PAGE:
At their current pace, the three major states in the Chesapeake Bay watershed, responsible for 90% of pollution in the bay, will miss their targets for reducing sediment and nutrient runoff by 2025, said the Chesapeake Bay Foundation (CBF) on Wednesday. Maryland and Virginia need to step up efforts to address agricultural pollution, and “Pennsylvania remains far off track,” the foundation said.
The six states that make up the watershed, which stretches into West Virginia and New York respectively, agreed to restore water quality in the bay as well as the waterways that flow into it in 2010. The clean water blueprint, also known as the clean water blueprint, set goals to reduce nitrogen runoff by 25%, 24% phosphorus runoff, and 20% sediment runoff by 2025. In its annual report, the CBF stated that less than half the nitrogen reductions had been achieved with four more years to reach the 2025 target.
“Today it is not too late to finish implementing the blueprint, but time is running out,” said Alison Prost, CBF vice president. “Without leadership from the states and EPA holding jurisdictions accountable, the blueprint will be yet another failure.”
Maryland and Virginia are on track to meet their water pollution reduction targets, largely because they have upgraded sewage treatment facilities. Still, the states “need a major acceleration of efforts to address agricultural runoff,” said the CBF. It stated that Virginia’s remaining 70% of reductions would come from agriculture.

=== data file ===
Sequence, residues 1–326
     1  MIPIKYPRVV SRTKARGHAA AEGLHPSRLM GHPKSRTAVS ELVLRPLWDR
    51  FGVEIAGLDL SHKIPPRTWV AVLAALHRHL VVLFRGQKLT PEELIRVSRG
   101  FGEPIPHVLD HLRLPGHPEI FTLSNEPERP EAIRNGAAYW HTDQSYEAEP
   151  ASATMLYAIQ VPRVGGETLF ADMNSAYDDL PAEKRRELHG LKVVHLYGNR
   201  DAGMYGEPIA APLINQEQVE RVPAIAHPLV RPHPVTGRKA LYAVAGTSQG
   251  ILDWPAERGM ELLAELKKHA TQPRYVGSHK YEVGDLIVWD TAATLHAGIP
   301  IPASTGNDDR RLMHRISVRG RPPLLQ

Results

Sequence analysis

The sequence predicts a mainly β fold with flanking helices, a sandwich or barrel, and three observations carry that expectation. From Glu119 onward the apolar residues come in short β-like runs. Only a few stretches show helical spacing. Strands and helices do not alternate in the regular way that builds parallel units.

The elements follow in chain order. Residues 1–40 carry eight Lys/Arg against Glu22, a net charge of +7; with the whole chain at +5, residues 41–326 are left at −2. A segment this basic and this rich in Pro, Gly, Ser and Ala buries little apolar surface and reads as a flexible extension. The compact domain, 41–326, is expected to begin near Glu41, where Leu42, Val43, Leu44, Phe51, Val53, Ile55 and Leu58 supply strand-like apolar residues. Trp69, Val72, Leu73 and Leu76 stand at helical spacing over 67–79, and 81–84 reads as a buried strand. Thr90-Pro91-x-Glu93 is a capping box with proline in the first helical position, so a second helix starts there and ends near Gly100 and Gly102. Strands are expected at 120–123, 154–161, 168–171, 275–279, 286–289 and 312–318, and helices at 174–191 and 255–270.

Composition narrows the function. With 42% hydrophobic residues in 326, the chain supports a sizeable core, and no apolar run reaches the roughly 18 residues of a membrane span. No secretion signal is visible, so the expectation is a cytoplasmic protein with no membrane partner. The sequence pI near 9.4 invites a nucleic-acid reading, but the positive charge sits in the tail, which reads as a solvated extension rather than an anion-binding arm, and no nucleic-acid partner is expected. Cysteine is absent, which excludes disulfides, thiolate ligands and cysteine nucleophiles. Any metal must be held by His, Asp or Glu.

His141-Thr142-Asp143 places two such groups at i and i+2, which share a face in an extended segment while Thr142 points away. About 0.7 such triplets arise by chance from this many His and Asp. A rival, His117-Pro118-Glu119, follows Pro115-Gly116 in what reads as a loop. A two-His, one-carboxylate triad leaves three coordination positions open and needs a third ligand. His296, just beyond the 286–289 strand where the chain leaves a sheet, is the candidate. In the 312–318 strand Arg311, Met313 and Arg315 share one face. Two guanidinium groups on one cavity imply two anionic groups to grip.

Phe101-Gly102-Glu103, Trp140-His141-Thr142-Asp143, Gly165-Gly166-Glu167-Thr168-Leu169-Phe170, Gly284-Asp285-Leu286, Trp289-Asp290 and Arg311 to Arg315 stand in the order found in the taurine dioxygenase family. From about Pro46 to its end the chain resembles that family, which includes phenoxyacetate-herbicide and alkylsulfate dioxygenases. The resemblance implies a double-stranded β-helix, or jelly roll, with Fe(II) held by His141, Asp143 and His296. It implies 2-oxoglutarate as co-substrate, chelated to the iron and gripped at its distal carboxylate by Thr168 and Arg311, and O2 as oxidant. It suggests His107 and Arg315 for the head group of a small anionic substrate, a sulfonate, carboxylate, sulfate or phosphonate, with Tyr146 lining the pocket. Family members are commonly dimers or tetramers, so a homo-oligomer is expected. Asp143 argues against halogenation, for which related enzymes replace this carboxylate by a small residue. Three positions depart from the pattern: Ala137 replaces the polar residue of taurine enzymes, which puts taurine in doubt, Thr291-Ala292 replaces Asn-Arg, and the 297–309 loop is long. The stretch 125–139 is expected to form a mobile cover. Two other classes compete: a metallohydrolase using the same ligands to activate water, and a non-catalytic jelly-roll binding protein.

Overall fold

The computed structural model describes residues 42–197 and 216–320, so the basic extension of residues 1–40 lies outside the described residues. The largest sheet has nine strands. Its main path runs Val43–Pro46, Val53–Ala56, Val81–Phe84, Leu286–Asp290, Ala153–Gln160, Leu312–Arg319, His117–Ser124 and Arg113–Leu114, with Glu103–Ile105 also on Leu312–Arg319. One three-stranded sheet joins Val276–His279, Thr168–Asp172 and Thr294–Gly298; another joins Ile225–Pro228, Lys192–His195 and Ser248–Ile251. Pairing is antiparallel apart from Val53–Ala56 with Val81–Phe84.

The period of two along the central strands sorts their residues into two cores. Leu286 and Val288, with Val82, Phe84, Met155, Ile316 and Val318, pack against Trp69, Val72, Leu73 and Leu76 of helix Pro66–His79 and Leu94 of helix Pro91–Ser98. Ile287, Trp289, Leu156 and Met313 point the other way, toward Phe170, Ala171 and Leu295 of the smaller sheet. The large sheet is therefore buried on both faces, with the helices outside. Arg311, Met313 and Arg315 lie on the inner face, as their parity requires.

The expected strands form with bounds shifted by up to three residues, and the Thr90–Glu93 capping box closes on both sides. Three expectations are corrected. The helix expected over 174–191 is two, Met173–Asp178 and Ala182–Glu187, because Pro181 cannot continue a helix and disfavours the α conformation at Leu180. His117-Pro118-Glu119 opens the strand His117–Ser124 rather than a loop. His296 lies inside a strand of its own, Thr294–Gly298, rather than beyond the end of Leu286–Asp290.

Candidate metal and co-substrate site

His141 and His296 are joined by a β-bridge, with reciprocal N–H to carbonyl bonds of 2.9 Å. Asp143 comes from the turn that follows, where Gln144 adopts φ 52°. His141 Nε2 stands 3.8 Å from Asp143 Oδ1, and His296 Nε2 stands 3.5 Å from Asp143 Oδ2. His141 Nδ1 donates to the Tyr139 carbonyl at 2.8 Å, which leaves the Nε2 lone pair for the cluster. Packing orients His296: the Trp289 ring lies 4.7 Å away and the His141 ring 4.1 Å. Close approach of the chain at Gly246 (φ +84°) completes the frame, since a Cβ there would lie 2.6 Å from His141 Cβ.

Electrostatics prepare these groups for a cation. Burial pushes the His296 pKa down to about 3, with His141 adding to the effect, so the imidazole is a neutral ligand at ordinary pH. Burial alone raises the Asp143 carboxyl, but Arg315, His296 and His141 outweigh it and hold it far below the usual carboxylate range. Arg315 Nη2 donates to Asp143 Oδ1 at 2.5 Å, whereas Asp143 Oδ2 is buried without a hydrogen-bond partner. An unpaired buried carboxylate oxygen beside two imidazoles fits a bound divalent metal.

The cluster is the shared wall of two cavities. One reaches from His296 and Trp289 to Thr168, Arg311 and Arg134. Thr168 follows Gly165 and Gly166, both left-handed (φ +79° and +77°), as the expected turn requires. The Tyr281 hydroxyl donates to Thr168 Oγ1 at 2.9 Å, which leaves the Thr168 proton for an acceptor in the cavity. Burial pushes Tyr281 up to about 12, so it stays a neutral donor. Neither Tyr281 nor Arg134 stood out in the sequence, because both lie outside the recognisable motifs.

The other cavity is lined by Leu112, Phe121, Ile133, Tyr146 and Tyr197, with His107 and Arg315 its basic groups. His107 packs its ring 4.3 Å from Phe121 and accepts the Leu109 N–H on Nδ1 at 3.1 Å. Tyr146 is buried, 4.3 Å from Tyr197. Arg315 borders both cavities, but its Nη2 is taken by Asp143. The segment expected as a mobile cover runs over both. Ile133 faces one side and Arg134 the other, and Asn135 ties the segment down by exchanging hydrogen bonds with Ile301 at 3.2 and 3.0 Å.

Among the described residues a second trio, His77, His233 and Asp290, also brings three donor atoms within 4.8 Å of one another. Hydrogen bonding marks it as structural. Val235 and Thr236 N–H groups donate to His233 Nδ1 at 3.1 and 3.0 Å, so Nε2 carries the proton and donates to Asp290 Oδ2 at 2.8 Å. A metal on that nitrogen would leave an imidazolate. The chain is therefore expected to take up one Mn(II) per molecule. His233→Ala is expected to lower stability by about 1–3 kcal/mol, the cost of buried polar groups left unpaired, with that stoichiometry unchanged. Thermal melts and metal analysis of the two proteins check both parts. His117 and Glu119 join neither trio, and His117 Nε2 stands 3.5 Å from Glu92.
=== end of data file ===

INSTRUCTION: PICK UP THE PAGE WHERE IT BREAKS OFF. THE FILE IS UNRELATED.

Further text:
Pennsylvania, the perennial laggard in CBF reports, was “far behind where it needs to be” to meet the 2025 goals, said the CBF. It said that more than 25,000 miles of streams and rivers in Pennsylvania need attention, and that more than 90% of the state’s remaining pollution reductions must come from agriculture. While farmers were adopting conservation practices, “a massive influx” of funding and expert advice was needed to get back on track to hit the 2025 targets, said the foundation.
Contrary to the CBF assessment, Patrick McDonnell, head of the Pennsylvania Department of Environmental Protection, said the state “is at an exciting turning point in improving local water quality in the watershed.” Pennsylvania will meet all of its 2025 targets, he said, assuming that there is adequate funding and that the EPA acknowledges pollution reduction measures already in place.
The DEP stated that Pennsylvania is not eligible for credit for runoff control systems built 10 to 15 years ago, as they have not been inspected in a while. Many of these structural “best management practices” continue to function, it said. Pennsylvania also requested that the EPA credit the full impact of other best management practices, rather than pro-rating them. “Some Pennsylvania BMPs affected by cutoff include agricultural nutrient management, livestock and poultry waste management systems, barnyard runoff control, and stormwater management,” said the DEP.
McDonnell based his prediction of success on recent updates to the state’s Phase 3 Watershed Implementation Plan. The CBF, three states and the District of Columbia sued the EPA more than a decade ago. They claimed that the original Pennsylvania plan was not adequately funded and would not meet the 2025 goals. “Without holding the Commonwealth accountable, bay restoration plans are certain to fail,” the suit said.
To read the CBF report, “Chesapeake Bay: State of the Blueprint,” click here.
Source: Successful Farming